Soldiers and veterans stand at parade rest during the ceremony in the Peace Gardens.
When he died in combat in France on Nov. 10, 1944, Army First Lt. Herschel Thrall Hardin never knew he had made first lieutenant, nor did he know he was entitled to pin 10 medals for heroism on his uniform.
The record was set straight Saturday. An ocean away and sixty-six years after his death, Lt. Hardin's medals were presented posthumously to his brother, Price Thrall, in a military ceremony at the Price Peace Gardens.
Flanked by members of the National Guard, U.S. Army and Veterans of Foreign Wars, Thrall received the following tributes to his brother's courage:
The Distinguished Service Cross (the nation's second-highest military honor) for action on Sept. 5, 1944;
The Silver Star (third-highest award) for action on Aug. 17 and 18;
The Bronze Star Medal, with V Device and two oak leaf clusters, earned on the day of his death, Nov. 10;
The Purple Heart, with two oak leaf clusters for wounds received Sept. 5 and Nov. 10;
American Campaign Medal;
European Theater of Operations Medal with two battle stars;
Combat Infantry Badge (First Award);
World War II Victory Medal;
France Croix de Guerre (Cross of War) Medal;
Presidential Unit Citation.
"I will always be indebted to Sen. Orrin Hatch for his hard work," Price Thrall wrote in a message listing the awards. "It took over two years from the time we started to receiving all the information regarding the records of Herschel."
The information was retrieved from the morning reports of K-Company, 319th Infantry Regiment 80th Division for August, September and November 1944.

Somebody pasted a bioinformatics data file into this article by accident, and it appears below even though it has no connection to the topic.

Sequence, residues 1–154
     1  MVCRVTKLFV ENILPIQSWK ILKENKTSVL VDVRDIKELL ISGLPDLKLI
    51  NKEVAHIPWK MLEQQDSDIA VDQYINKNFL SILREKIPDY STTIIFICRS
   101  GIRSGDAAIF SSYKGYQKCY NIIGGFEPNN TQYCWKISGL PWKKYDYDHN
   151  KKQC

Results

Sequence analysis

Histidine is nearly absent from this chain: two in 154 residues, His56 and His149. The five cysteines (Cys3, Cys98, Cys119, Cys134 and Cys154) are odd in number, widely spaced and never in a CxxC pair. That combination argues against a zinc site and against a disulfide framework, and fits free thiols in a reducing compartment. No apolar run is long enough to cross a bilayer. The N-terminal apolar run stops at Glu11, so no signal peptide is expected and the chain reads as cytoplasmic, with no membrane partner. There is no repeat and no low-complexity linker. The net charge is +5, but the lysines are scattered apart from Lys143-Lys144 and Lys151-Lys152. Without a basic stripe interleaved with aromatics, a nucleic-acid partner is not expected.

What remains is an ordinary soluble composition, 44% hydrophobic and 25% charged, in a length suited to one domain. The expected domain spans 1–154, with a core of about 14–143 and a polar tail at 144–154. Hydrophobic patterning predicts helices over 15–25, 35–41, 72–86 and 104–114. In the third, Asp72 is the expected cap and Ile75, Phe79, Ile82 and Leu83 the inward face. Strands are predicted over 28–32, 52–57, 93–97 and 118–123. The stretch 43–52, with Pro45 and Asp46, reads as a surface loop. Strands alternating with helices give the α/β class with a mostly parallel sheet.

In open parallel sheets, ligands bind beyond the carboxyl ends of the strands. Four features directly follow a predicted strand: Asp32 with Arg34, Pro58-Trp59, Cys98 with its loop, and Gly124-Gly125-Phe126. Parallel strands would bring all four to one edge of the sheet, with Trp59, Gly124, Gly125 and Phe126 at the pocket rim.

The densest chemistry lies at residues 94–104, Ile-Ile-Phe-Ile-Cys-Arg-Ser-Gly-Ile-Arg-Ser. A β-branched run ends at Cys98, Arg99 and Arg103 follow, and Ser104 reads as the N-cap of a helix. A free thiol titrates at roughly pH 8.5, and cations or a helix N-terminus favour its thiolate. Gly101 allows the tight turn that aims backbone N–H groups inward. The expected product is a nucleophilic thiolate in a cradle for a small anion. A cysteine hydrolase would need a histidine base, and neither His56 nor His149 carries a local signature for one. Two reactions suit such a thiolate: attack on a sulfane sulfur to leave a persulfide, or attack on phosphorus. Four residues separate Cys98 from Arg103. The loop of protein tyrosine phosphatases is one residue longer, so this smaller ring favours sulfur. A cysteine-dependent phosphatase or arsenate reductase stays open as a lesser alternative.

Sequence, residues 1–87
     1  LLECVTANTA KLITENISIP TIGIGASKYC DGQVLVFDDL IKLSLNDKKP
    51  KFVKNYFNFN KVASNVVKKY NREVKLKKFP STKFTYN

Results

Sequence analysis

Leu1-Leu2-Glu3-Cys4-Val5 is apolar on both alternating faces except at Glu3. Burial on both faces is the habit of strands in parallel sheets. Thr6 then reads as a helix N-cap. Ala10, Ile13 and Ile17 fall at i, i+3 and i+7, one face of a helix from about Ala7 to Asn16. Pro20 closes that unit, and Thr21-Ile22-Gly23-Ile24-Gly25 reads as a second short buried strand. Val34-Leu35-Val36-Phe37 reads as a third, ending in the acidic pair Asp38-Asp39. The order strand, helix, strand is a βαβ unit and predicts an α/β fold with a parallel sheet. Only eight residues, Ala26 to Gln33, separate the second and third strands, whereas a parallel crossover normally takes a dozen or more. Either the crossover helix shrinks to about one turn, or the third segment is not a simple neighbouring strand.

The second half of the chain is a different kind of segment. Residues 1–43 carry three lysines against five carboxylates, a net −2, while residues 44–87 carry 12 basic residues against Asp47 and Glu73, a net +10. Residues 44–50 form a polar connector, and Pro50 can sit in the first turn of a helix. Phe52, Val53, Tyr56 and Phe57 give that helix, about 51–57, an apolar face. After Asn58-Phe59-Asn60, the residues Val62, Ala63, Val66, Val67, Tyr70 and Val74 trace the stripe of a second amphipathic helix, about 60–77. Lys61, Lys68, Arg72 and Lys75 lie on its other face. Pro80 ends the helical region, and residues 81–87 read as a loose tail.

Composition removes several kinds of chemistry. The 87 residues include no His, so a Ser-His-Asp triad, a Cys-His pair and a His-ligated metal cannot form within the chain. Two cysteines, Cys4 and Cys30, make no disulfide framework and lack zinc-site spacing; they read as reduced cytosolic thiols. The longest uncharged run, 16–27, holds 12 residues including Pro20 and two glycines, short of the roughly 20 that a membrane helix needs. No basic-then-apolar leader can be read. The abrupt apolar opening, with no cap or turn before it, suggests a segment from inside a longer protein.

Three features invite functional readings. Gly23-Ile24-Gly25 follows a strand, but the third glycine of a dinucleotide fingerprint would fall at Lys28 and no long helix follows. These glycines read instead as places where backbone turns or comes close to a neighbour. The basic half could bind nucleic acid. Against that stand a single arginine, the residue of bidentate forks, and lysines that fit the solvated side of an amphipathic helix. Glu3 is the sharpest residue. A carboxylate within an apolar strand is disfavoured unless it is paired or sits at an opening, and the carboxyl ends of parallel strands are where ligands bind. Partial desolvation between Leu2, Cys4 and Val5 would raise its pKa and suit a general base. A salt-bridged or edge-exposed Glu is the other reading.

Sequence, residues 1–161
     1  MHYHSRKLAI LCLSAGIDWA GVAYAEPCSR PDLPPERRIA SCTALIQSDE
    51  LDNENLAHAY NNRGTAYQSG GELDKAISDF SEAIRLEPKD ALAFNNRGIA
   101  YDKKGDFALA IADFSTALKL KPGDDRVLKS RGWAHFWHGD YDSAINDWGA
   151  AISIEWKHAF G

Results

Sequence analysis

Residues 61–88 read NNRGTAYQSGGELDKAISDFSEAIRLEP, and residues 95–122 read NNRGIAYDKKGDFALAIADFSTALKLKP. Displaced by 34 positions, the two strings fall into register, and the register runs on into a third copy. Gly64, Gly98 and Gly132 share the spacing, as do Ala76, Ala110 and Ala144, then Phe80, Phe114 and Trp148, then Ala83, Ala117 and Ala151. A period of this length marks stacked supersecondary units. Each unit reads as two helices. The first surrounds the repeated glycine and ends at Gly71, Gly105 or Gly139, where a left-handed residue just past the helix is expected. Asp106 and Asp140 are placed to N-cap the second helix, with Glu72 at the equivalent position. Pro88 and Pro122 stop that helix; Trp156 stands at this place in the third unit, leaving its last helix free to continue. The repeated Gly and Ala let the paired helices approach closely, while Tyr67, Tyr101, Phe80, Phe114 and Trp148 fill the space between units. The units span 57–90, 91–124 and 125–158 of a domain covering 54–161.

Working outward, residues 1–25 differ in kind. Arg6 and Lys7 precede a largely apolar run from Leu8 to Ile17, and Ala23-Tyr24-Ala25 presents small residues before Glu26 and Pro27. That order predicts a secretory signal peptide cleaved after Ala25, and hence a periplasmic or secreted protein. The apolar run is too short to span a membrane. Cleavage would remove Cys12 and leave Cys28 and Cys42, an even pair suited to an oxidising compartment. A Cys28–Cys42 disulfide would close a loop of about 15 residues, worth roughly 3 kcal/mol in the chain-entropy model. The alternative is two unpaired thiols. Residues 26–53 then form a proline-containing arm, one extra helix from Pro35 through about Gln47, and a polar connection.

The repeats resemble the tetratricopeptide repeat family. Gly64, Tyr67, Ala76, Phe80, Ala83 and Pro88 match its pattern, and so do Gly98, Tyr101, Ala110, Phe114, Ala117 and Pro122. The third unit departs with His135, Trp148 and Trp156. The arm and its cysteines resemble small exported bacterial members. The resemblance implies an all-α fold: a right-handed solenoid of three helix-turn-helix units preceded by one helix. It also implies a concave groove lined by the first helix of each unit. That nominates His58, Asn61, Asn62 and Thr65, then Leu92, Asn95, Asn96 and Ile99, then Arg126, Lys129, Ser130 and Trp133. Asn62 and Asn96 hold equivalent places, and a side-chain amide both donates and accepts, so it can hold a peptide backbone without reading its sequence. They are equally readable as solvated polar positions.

Thrall learned of his brother's honors in the course of genealogy research.
THE SILVER STAR:
Is awarded to Second Lt. Herschel Thrall Hardin...for extraordinary heroism while serving with K Company, 319th Infantry Regiment, 80th Infantry division in the European Theater of Operations, On August 17 and 18th , 1944.
He received this award in connection with military operations against and armed enemy of the United States in France on August 17, 1944; Lieutenant Herschel Thrall Hardin led his platoon in an assault upon Evron-Neanl-LesBouillons-St Gemmes Le Robert, France.
With three men of his platoon pinned down and wounded by enemy machine gun fire, Second Lieutenant Thrall, with total disregard his own life and safety, made three trips and personally removed the three wounded soldiers, one at a time to safety. Second Lieutenant Herschel Thrall Hardin's exemplary performance of duty in active ground combat is in keeping with the finest tradition of the military service.
By Order of Major General McBride.